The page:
Although many people mistake corals and anemones as plants, they are actually animals called Anthozoa, which in turn belong to a larger group of animals called cnidarians that carry a sting in their tentacles.
The basic unit of the adult is the polyp; this consists of a cylindrical column topped by a disc with a central mouth surrounded by tentacles.
Colonies of coral polyps are formed by the budding of new polyps from an original, founding individual to create extensive coral reefs.
There are many hundreds of different coral species living in the shallow waters around all of the Koh Lanta dive sites, creating extensive coral reefs and sanctuaries for millions of reef fish.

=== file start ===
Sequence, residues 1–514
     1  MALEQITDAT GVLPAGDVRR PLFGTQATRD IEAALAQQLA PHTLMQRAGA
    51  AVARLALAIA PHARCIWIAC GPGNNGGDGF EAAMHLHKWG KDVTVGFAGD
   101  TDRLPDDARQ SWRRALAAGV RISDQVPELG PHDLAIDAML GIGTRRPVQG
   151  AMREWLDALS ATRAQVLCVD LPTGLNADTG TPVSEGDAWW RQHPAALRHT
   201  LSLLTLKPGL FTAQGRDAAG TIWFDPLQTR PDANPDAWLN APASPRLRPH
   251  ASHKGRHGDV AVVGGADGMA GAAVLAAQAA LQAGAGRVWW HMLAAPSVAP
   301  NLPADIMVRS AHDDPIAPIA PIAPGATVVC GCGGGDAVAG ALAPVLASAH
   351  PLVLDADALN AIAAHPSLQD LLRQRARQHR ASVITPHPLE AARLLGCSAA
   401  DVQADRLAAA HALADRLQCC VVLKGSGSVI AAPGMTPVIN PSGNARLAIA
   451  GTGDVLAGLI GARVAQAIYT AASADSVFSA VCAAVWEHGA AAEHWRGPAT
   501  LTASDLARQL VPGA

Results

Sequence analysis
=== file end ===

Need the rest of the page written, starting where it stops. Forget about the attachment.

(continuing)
Anthozoans are carnivores, catching prey with their tentacles. Many species supplement their energy needs by making use of photosynthetic single-celled algae that live within their tissues.
The two main subclasses of Anthozoa are the Hexacorallia (6 sided) and includes the 837 known species of living stony corals, sea anemones, tube anemones and zoanthids. Octocorallia (8 sided) include the soft corals and gorgonians (sea pens, sea fans and sea whips), and sea pansies.